First things first. Let’s not confuse Monguito Santamaria with his world-famous, late father, the great conguero Mongo Santamaria. Still less with ‘Monguito’, the venerable Cuban sonero Ramon Quian who (confusingly) also recorded a couple of albums on Fania and Fania-related labels ‘Our’ Monguito is a pianist as well as a highly skilled composer, arranger and bandleader. In the space of just four albums over about seven years, Monguito covered the waterfront, turning his hand to almost every fashion in latin music with aplomb, originality and dexterity. But our Monguito – or at least, those responsible for the original release of those four albums – seems to have been a member of the Secret Service, such is the paucity of recording and personnel information in almost all the record sleevenotes of the time. The 1970 issue of this album lists Jerry Masucci (the original Fania boss) as Executive Director, and Johnny Pacheco (Dominican flautist and Fania co-founder) as Musical Director. And that’s about it. Our best shot is to turn to Monguito’s very first album for Fania, 1968’s ‘On Top’. Here, we have a non-latino horn section (Rene McLean on alto, Harvey Hargraves on trumpet, Glenn Walker on trombone) with the great Jose Mangual Jr on bongos, Andy Gonzales on bass and timbalero Ronnie Hill. The English vocals are handled by Ronnie Marks, although the Spanish selections have an uncredited vocalist (possibly Justi Barreto, who contributes compositions throughout Monguito’s albums until 1974, when Hector Casanova takes over). As might be expected for a New York Latin album of 1967, the repertoire is biased to bugalú, shingaling and latin soul, and the disc spawned one big radio and club hit,’Juicy’. The follow-up, 1969’s ‘Hey Sister’, whilst comparatively devoid of sleeve information, has the same feel and a photo of the nonet who made the disc, several of whom are recognisable as having appeared on ‘On Top’. Certainly the vocalists are the same. And one can be pretty certain that a constant on all four albums was the great percussionist Sam ‘Seguito’ Turner, who had come to Santamaria’s band with a recording pedigree that had included James Brown’s ‘Hot Pants’ (1966) and Montego Joe’s legendary Har-You Percussion Orchestra (1967). Sam would later form the rhythm backbone of Lionel Hampton’s famous series of ‘Jazz Tribute’ sessions over the next decade or so, before more recently adding flavour to modern jazz sessions such as Don Pullen’s and Al Williams’. So, where does ‘On Top’ lie in the context of Monguito’s full Fania oeuvre? It’s a transitional album and, because of that, probably his most interesting work. It contains elements of ‘On Top’’s compelling latin soul groove, but the set’s strong salsa tipica selections prefigure the totally-salsa period of the 1974 set, ‘En Una Nota’. African American singer Ronnie Marks acquits himself with flying colours on the English vocal tracks, giving them all an authentically soulful quality that’s so often lacking in bugalú: ‘I’ve Got To Find’ sounds sufficiently convincing to be an outtake from a contemporaneous Tyrone Davis or Wilson Pickett session. ‘Crying Time’ and ‘You Need Help’ fill out the English repertoire nicely, but it’s the salsa tunes that really rock, too: ‘Asi Sere Para Ti’, ‘Guarara’ and ‘Son Del Monte’ – every one a Justi Barreto composition – all hold down a merciless clavé from start to finish. The jazz-tinged dancer ‘Todo Es Todo’ highlights another transition for Monguito, distilling the mambo swing stylings of ‘Chango’ and ‘Mambo New’ (from’Hey Sister’) in preparation, it seems, for the altogether darker jazz sounds of tunes such as ‘Martinez’ that we find on 1974’s ‘En Una Nota’. Marty Sheller dealt with all English song arrangements, whilst no arrangement credits are given for the salsa selections – a disappointing, but all-too-familiar feature with 60s Latin records. So what makes Monguito Santamaria special? Mainly, it’s his highly fluent and versatile keyboard style. He can hold down a left-hand tumbao in his sleep, but he’s equally able to relax into an improvisation when the occasion arises (listen to his loose right wrist in ‘Todo Es Todo’). And he knows how to pump that essential hamhock grease into the soul numbers, never erring on the side of cabaret sweetness as many of his contemporaries did. Overall, if you were limited to buying just one Monguito Santamaria album and wanted something fully representative of his talent and potential, ‘Black Out’ would be the one to choose. Original copies in mint condition regularly change hands for $50 or more: and that’s without sleevenotes! Written by John Armstrong….~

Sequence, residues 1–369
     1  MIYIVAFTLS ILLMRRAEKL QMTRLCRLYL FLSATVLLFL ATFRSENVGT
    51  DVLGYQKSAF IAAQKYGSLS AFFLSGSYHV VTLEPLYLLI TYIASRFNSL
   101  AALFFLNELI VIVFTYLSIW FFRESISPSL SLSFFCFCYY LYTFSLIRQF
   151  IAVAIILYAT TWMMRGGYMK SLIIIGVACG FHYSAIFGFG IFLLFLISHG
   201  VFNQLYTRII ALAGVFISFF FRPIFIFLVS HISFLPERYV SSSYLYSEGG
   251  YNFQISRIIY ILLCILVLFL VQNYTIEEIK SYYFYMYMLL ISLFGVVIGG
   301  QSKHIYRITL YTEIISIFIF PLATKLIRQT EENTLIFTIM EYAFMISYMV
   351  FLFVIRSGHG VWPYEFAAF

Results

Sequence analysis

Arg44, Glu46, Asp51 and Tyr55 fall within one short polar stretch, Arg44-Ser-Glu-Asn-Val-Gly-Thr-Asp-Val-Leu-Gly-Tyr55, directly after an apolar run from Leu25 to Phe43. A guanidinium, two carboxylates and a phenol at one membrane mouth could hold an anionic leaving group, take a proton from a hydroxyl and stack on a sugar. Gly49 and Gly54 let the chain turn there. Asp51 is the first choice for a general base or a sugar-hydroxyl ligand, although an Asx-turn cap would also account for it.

Tracklist 
A1 Hey Sister 2:26 
A2 El Dorado 3:10 
A3 Groove-Time 4:42 
A4 Monguito’s Theme 3:25 
A5 Work Out 2:40 
B1 Guajirita 3:32 
B2 Soy Tu Ley 3:35 
B3 Mambo New 5:56 
B4 Chango 4:30

Discography
“On Top” - (1968) 
“Hey Sister” - (1969) 
“Blackout” - (1970) 
“En Una Nota” - (1974)